Friday, March 5, 2010


With so many families being stretched to their limits in every way - emotionally, financially, even physically - and parents needing to work outside the home, day care is becoming necessary for babies & toddlers more than ever. The good news is, most day care providers are incorporating new approaches to counter the practices of years past, where it seemed that much of the care of infants and toddlers is more like glorified babysitting or watered down preschool. This style of day care, the belief was that these children only needed health and safety, and bonding with caregivers and attention to development was unnecessary. Some believed that adult directed curriculum's should be followed by every baby stimulated by planned lessons throughout the day. Both ignored what has recently been discovered about what infant and toddlers really need to help them grow and learn.

The biggest thing we know now is that babies come into care with their own learning agenda, their own curriculum, and their own timetable.

Babies have an inborn motivation to learn and explore. They are on a constant quest for knowledge and learning through their senses; through what they see, hear, feel, taste, and touch. And they do it without prompting.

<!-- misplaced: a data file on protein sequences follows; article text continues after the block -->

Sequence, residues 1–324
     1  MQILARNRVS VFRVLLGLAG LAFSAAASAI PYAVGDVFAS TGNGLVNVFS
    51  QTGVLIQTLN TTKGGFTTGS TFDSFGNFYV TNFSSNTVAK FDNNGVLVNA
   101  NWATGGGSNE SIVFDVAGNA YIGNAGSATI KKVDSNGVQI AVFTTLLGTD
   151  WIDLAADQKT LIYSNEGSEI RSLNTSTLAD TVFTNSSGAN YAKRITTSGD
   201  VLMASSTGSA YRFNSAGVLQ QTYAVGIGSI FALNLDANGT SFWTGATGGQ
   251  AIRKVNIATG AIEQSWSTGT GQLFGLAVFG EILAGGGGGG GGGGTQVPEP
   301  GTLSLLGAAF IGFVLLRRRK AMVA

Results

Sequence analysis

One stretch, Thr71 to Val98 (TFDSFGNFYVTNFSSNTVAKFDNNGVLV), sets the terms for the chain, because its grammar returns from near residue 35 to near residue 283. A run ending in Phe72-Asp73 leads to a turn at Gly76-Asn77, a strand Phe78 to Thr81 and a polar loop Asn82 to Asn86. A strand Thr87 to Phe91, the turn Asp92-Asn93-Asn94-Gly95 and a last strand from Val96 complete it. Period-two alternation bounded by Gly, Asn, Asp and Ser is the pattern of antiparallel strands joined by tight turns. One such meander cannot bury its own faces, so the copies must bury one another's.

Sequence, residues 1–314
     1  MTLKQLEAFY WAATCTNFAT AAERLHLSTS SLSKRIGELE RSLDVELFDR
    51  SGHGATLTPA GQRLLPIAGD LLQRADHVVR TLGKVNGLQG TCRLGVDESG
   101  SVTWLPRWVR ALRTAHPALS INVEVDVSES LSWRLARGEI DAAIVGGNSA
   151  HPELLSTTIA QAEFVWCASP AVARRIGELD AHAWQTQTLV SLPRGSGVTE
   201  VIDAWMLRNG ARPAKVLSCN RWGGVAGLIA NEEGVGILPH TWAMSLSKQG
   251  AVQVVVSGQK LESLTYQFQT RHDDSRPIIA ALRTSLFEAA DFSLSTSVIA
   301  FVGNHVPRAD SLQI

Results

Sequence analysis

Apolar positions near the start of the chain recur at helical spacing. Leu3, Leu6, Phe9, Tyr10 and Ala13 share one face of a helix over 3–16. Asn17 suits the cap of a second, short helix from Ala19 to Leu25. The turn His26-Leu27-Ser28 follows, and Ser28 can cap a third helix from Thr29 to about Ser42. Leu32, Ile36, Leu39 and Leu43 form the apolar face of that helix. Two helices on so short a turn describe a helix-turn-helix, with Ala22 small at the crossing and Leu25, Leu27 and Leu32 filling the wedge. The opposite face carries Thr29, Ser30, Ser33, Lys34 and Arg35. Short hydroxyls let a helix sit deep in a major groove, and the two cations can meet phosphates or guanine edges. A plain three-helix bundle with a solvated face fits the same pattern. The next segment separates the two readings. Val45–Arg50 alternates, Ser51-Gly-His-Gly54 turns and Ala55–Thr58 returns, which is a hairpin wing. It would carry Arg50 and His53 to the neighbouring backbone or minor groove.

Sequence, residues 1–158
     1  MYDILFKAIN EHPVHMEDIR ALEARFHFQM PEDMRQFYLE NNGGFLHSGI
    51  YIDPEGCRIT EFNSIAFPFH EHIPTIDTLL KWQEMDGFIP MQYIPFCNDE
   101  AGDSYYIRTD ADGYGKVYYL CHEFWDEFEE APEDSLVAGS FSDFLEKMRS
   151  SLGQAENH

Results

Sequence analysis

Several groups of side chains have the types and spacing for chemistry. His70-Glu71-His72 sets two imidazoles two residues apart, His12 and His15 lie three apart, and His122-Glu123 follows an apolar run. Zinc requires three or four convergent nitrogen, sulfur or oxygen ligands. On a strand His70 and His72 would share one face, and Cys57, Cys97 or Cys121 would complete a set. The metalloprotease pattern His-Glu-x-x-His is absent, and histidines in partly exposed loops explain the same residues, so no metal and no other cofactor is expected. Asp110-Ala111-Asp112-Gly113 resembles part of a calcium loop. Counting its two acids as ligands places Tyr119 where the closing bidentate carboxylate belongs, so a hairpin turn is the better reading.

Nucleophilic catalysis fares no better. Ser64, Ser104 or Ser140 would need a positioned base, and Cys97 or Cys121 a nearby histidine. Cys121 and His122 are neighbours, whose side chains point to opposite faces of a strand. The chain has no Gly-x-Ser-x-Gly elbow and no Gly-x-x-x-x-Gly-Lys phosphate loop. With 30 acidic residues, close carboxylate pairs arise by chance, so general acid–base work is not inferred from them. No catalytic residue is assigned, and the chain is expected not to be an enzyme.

Many people have the mistaken belief that infants learn the same way as school children do: adults set objectives and goals for the children, and try to get children to focus on the skills and content they should master. However, research today is showing what every mother has always known: every baby is different! And baby learning is different.

Babies are not wired to focus on one particular skill or idea or planned focus. But they are very good at exploring real objects in their world - and interacting with the people around them! Babies need to be in an age appropriate environment. The environment that a school child thrives in will actually be negative for an infant. In these situations, infants will become less interested in learning, expect less of themselves, become less cooperative, and become quite stressed.

The good news is this: many programs are aware of the research and are "righting the ship".
Armed with new knowledge, infant and toddler teachers are starting to match their agenda with the learning agenda of the baby. They are respecting and responding the developmental process of the infant, rather than treat them as just their "charge". And what has emerged is a new, dramatic role of the infant care teacher: not a babysitter or care provider but rather a caring facilitator of the child's journey toward emotional, cognitive, language, physical, and social development. The infant is an active partner in the process, and daily experiences move and flow with the baby's changing needs.

Stay in close contact with your child's day care provider. Make sure your child has a positive bond with her. And be involved enough to know that your child's needs are being met appropriately on the level of the child, not at the agenda of the adults. And then enjoy watching your little one emerge and grow into the person he/she was always meant to be!

1 comment:

  1. I have worked in a Daycare setting for many years and now own my own Dayhome. You the theory down perfectly!! It's child-directed curriculum and not the other way around. It's nice to see that people catching on to it. :)